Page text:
Scapegoated for Washington’s failure last season, McNabb was eager to put distance between himself and the Redskins’ father-son coaching duo. The six-time Pro Bowler got what he wanted in Wednesday’s trade to the Minnesota Vikings, escaping a situation in which he could not succeed.
In permitting McNabb to join the top team on his wish list, Coach Mike Shanahan finally supported the proven winner. Perhaps things would have been less toxic during their only season together if Shanahan had occasionally backed McNabb in his ugly feud with the Redskins’ offensive coordinator.
But Kyle mostly gets what Kyle wants.
One of the worst trades in franchise history is on Shanahan’s ledger, and now McNabb will try to undo the damage from his Redskins experience. It definitely won’t be easy.
A target of backstabbing by the men with whom he worked and their mouthpieces, McNabb must prove he’s not lazy and stupid. He has to regain the fourth-quarter confidence teammates once had in him. The guy who led the Philadelphia Eagles to five NFC championship games and a Super Bowl appearance must essentially show people he’s still capable of walking and chewing gum at the same time.
At 34, McNabb is starting over again because he wasn’t Kyle’s first, second, or third choice for the District’s second-most high-profile gig. In the twilight of his career, McNabb is trying rebuild it after learning a painful lesson about what sometimes happens to strong-willed players who question the Shanahan Way.
When you’re benched in favor of journeyman Rex Grossman and demoted to third string behind John Beck — whose NFL resume consists of five games, none since 2007 — that’s not only a questionable football decision. That’s clearly punishment.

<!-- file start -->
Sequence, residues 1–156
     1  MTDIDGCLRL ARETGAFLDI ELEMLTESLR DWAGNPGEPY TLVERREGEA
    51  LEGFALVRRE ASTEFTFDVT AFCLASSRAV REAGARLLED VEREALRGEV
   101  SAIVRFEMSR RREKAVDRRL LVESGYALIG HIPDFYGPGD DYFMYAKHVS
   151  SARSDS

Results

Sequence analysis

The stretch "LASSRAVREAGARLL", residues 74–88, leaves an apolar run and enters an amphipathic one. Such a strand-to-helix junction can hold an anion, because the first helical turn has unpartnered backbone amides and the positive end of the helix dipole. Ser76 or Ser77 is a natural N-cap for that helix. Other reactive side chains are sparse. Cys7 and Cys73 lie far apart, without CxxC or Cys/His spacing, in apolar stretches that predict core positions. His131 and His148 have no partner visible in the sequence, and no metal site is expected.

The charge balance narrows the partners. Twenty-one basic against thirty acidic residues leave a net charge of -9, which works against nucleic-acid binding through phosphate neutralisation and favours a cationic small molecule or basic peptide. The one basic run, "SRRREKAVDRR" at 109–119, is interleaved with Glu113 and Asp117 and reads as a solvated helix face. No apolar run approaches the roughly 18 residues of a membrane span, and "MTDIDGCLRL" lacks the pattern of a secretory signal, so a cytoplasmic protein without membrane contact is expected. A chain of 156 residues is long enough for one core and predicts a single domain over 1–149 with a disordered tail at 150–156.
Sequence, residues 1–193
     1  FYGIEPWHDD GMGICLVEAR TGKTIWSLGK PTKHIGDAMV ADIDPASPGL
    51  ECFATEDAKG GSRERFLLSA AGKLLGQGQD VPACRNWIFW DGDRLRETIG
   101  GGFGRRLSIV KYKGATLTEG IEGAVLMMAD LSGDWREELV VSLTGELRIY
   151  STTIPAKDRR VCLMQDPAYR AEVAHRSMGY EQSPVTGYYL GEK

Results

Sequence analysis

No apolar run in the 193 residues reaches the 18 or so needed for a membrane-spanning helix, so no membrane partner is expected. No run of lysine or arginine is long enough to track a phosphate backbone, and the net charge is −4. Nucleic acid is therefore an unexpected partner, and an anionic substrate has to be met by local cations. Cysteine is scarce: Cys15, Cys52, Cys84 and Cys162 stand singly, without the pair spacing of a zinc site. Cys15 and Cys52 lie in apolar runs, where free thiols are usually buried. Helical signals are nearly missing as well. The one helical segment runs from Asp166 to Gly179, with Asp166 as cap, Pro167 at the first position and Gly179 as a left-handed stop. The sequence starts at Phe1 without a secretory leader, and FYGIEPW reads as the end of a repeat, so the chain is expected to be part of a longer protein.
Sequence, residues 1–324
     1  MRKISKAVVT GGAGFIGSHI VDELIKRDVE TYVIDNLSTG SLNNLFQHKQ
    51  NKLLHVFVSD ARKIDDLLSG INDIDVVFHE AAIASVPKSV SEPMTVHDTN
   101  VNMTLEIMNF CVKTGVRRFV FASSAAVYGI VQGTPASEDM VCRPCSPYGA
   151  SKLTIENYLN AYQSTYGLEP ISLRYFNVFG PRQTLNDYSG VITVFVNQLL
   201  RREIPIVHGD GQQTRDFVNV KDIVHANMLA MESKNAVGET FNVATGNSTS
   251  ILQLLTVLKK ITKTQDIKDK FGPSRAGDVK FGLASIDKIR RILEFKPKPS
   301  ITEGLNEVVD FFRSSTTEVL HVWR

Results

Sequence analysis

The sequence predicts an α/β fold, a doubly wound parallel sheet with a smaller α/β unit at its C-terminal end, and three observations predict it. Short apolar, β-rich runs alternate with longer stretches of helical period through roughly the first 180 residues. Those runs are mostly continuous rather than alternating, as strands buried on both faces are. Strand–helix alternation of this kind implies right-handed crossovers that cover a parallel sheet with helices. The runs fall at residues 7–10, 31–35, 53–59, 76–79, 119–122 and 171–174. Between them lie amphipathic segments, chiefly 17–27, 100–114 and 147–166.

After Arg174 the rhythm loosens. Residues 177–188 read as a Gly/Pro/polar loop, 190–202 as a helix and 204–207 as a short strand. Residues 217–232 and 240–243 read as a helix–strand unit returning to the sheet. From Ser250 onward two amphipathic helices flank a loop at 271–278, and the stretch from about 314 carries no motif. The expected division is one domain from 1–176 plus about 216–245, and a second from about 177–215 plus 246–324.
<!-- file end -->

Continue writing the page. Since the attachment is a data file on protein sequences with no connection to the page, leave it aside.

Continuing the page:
McNabb’s crime? He simply had his own ideas. For his first 11 years in the NFL, McNabb prepared and played in a manner that best suited him. During that time, he was one of the league’s most successful quarterbacks, so shame on him for not wanting to change.
The Shanahans expected McNabb to work on his footwork before practice. They wanted to alter his mechanics. They sought a total McNabb makeover.
People in the organization say McNabb deserves much of the blame for his disastrous partnership with the Shanahans.
They say Mike Shanahan felt betrayed by McNabb. He believed McNabb would embrace new ideas, and work harder, after being dumped by the Philadelphia Eagles. That’s why Shanahan ignored his son’s strong objections and traded second- and fourth-round draft picks for McNabb.
They say once McNabb arrived, Shanahan quickly determined his son was right. McNabb moved too slowly during practice and in games to operate their offense.
Then there was the whole wristband thing. Shanahan supporters say McNabb needed help with playcalling and a wristband with the plays on it would have helped. McNabb declined to wear one, so that’s on him, they say.